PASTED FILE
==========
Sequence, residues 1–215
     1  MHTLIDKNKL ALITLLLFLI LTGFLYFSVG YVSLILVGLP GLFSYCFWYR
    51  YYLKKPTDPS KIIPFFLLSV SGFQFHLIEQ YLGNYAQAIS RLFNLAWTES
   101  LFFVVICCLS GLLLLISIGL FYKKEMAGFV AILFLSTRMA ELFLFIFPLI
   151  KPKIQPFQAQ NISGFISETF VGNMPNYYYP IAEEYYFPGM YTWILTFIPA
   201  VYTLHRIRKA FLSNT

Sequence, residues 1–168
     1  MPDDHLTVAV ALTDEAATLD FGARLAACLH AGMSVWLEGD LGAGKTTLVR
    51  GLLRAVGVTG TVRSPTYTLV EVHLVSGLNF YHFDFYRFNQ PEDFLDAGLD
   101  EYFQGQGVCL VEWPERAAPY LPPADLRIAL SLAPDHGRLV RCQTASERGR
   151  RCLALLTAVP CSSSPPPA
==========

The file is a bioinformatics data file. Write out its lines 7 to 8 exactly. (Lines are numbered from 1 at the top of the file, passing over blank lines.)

Sequence, residues 1–168
     1  MPDDHLTVAV ALTDEAATLD FGARLAACLH AGMSVWLEGD LGAGKTTLVR